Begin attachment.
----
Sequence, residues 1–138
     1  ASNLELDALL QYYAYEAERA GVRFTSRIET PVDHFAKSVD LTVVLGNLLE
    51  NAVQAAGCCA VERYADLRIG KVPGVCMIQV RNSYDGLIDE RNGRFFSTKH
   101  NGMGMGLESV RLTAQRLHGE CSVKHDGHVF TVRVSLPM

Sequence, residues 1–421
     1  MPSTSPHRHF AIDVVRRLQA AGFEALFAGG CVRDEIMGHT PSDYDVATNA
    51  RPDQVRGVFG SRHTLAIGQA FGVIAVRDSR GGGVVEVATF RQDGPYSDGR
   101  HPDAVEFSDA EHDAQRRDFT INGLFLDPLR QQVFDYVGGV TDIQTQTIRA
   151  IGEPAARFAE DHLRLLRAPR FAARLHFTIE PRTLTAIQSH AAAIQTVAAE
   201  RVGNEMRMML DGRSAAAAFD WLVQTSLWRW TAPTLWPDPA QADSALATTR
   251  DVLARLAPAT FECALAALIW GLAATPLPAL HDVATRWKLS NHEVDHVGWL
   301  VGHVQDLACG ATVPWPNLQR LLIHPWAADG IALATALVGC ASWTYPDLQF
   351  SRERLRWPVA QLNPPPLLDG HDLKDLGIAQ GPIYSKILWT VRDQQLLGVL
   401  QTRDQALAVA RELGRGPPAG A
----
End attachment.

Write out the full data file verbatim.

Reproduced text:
Sequence, residues 1–138
     1  ASNLELDALL QYYAYEAERA GVRFTSRIET PVDHFAKSVD LTVVLGNLLE
    51  NAVQAAGCCA VERYADLRIG KVPGVCMIQV RNSYDGLIDE RNGRFFSTKH
   101  NGMGMGLESV RLTAQRLHGE CSVKHDGHVF TVRVSLPM

Sequence, residues 1–421
     1  MPSTSPHRHF AIDVVRRLQA AGFEALFAGG CVRDEIMGHT PSDYDVATNA
    51  RPDQVRGVFG SRHTLAIGQA FGVIAVRDSR GGGVVEVATF RQDGPYSDGR
   101  HPDAVEFSDA EHDAQRRDFT INGLFLDPLR QQVFDYVGGV TDIQTQTIRA
   151  IGEPAARFAE DHLRLLRAPR FAARLHFTIE PRTLTAIQSH AAAIQTVAAE
   201  RVGNEMRMML DGRSAAAAFD WLVQTSLWRW TAPTLWPDPA QADSALATTR
   251  DVLARLAPAT FECALAALIW GLAATPLPAL HDVATRWKLS NHEVDHVGWL
   301  VGHVQDLACG ATVPWPNLQR LLIHPWAADG IALATALVGC ASWTYPDLQF
   351  SRERLRWPVA QLNPPPLLDG HDLKDLGIAQ GPIYSKILWT VRDQQLLGVL
   401  QTRDQALAVA RELGRGPPAG A